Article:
Marcos Meets the Millers
The Miller family had been in New York City for only one day when they met Marcos.
The Millers were from Iowa. Their t-shirts were each a different primary color. Mr. Miller wore blue, Mrs. Miller wore yellow, Timmy wore green, and Jenny wore red. New Yorkers like dark colors, which made the Millers stand out. The Millers also spoke loudly, likely because they were used to open spaces with few people.
They were on their way to visit Times Square. Earlier in the day they visited Ground Zero. But somehow they got turned around and ended up in Queens.
A young man named Marcos gave them directions to Times Square. “Just hop on the 7 and it’ll take you directly to Times Square,” Marcos told the Millers.
Marcos was a food delivery person for a Spanish deli. He enjoyed delivering habichuelas, pernil, chicharrones, and other delicious food to hungry people, but he hoped to one day open his own Mexican restaurant where he could serve tacos, tamales, and flautas.
He was supposed to work later in the day, but he received a call from his wife, Alma, saying she was about to give birth. Their first child was on her way! They had decided to name their baby Teresa after Marcos’ favorite titi.
After giving the Miller family directions, Marcos asked Mr. Miller for a swipe. Since Marcos hadn’t worked that day, he didn’t have money for subway fare.
Mr. Miller was a fine man but he and his wife had to save a long time to save for this trip. Plus, before leaving for their New York City vacation, several neighbors and coworkers warned Mr. Miller about the dangers of New York City and the con artists and grifters who wait for tourists who make an easy mark. Marcos seemed like a nice guy, but Mr. Miller wasn’t taking any chances.
The Millers rushed through the turnstile one-by-one in their primary color t-shirts as Mr. Miller swiped them each through. Mr. Miller went through last. He refused to look at Marcos.
The Millers made their way to the train platform just as Marcos had instructed.
Marcos had enough. He needed to get to the hospital to be with Alma. Against his better judgment he jumped the turnstile.
Transit police were lurking around the corner and seized upon him immediately. They asked for his ID, which he didn’t have. If he had an ID he would only receive a summons of about $50, but if he had that kind of money he would have bought a metrocard.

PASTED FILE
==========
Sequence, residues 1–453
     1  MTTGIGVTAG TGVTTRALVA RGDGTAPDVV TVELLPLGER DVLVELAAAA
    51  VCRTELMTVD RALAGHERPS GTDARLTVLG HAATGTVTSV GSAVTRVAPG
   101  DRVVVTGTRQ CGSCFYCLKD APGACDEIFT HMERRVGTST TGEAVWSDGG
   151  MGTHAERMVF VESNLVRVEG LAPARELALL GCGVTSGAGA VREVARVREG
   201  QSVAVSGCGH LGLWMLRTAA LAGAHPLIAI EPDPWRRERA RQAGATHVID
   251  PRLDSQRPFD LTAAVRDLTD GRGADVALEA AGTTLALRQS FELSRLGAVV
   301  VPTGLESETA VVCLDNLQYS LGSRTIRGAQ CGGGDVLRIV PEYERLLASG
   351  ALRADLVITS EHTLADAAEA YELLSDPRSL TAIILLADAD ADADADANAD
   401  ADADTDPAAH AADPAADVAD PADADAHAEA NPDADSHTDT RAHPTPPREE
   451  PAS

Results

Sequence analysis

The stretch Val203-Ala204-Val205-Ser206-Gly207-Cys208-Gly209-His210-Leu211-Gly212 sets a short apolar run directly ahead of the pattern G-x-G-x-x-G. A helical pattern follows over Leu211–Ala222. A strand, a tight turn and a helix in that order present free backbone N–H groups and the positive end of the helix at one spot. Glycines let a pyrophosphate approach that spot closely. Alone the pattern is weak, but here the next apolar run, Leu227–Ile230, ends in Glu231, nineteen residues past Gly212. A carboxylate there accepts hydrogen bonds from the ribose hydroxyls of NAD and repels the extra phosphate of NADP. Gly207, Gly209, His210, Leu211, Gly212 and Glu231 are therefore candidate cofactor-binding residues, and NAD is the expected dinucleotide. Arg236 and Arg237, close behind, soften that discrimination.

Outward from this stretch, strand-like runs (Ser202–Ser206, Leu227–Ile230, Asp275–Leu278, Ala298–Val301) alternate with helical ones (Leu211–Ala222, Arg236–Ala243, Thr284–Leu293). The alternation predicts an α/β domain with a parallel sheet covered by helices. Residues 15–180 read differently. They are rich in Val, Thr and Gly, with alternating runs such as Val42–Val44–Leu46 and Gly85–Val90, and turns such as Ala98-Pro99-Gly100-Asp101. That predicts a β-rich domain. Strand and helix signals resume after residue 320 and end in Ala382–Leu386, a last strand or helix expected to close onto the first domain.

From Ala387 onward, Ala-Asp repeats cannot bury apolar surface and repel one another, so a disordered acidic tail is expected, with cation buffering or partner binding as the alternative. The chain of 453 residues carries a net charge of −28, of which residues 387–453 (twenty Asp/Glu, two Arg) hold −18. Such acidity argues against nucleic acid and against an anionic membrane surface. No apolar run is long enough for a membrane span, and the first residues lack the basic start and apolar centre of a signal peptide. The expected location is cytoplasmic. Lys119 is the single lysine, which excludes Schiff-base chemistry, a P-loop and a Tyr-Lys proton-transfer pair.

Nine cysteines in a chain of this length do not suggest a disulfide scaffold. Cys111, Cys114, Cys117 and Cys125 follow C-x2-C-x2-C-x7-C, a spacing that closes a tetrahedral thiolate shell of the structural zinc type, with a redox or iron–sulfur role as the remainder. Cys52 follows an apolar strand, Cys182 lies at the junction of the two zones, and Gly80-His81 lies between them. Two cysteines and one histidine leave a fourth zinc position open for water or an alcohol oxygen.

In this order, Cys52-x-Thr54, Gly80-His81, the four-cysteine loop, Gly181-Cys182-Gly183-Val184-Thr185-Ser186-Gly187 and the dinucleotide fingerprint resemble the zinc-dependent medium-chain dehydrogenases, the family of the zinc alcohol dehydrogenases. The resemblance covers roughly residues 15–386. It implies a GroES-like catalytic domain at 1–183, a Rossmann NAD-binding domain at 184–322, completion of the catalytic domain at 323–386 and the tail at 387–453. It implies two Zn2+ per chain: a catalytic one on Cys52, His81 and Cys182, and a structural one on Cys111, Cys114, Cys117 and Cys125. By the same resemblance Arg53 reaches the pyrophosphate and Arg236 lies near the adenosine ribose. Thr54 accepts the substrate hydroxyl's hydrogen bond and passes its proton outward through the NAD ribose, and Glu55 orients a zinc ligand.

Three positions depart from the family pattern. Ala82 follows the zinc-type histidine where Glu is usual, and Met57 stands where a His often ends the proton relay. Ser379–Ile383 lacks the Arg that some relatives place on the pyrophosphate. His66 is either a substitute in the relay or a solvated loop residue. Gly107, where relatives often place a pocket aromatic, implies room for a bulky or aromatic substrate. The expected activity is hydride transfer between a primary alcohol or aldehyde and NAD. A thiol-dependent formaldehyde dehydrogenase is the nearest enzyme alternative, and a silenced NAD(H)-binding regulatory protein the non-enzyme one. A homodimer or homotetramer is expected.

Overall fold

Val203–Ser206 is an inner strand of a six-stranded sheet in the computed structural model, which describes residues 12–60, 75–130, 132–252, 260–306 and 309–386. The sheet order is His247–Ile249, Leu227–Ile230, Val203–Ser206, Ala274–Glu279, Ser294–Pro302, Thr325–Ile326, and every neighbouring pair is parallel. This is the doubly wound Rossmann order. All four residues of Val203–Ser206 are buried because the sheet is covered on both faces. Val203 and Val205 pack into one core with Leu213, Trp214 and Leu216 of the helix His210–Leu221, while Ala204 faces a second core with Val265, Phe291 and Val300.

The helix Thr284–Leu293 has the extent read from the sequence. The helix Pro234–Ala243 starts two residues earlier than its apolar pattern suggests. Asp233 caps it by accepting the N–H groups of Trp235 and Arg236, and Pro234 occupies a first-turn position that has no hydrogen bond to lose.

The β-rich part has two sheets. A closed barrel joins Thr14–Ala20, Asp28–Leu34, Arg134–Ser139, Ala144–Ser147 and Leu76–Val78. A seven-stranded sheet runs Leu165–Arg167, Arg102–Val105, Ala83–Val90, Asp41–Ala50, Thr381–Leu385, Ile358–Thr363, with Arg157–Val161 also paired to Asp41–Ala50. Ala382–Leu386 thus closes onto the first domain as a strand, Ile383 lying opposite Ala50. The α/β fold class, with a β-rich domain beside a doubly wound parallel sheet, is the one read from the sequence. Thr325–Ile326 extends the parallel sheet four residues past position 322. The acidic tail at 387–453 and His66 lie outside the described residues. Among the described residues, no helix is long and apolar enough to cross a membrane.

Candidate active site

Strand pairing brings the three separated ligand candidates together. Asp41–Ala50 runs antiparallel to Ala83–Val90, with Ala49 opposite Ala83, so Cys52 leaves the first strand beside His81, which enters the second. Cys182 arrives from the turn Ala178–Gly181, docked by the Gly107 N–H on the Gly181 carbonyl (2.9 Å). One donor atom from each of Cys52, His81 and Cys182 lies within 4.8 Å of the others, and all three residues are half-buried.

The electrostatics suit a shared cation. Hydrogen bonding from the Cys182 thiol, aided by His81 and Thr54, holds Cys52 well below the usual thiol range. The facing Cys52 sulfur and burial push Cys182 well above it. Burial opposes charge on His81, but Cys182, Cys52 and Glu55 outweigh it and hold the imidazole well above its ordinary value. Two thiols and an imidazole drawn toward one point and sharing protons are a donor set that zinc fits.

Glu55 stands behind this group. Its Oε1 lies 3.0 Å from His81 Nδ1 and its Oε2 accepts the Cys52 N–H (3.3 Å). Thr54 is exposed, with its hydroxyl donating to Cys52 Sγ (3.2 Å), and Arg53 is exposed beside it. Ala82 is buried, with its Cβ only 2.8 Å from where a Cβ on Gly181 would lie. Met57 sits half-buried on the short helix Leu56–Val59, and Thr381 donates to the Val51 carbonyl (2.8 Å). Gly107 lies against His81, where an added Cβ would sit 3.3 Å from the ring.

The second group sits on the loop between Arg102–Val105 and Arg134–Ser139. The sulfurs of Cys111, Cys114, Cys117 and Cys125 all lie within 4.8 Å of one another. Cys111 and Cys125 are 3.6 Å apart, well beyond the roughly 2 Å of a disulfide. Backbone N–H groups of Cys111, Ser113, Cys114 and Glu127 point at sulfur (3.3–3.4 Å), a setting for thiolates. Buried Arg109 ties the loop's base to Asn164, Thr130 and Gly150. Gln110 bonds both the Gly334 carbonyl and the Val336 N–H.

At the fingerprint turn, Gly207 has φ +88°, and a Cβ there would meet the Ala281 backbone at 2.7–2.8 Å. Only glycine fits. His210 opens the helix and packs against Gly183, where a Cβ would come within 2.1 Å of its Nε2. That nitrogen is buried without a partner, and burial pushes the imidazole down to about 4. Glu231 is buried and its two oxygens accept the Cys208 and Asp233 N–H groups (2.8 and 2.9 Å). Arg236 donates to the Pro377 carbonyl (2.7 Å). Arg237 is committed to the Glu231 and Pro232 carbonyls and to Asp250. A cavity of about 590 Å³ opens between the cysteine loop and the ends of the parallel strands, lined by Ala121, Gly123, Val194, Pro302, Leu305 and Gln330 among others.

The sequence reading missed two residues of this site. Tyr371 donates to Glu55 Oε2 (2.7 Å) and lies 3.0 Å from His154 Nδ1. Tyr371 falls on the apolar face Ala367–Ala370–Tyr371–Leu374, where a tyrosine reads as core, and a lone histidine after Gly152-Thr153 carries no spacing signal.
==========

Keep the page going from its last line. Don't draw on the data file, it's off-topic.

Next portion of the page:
Marcos was handcuffed and taken to booking where he’d be processed and placed in jail until his court date, which could take several days.
Two thoughts raced through Marcos’ head.
First, he thought of his cousin Julio who jumped a turnstile a few years back and didn’t have an ID. When Julio went before the judge he was transferred to an immigration detention center and eventually deported.
Marcos’ second thought was his family. Alma and Teresa. Who would provide for them? Who would love them the way he could? How would they make it?
As the Millers made their way to the platform, Timmy asked his dad, “What do you think he did?”
Praise for Last Stop on the Z Train
“What a fantastic read! Truly a thrill ride! I know that taking the train can be a bit of a rollercoaster, but this sincerely was an impressive piece. Hands down the best story in the book is ‘I’m not staring, I’m smelling.’”
“I purposely read this on my commute on the subway to and from work. Each story took me briefly into another world between stops. I was instantly looking at my fellow straphangers in a different light. A true delight!”
“Sweet little stories that express New York subway character.”
About the Author & Artist
Jason Storbakken served as Director of Chapel and Compassionate Care at the Bowery Mission for nearly ten years and currently designs the ministry’s curriculum. With his wife Vonetta he founded Radical Living, a Brooklyn-based community organization. He is also the author of Radical Spirituality: Repentance, Resistance, Revolution and Bowery Mission: Grit and Grace on Manhattan’s Oldest Street. He obtained his MDiv from Union Theological Seminary in the City of New York, and currently serves as pastor of the Manhattan Mennonite Fellowship.
Pairoj Pichetmetakul is a Buddhist monk-turned-street artist. His work aims to shift public perception and cultivate compassion. One of his current projects consists of riding every subway car on the MTA, from the 1 train to the Z train, and painting the images and visions he sees.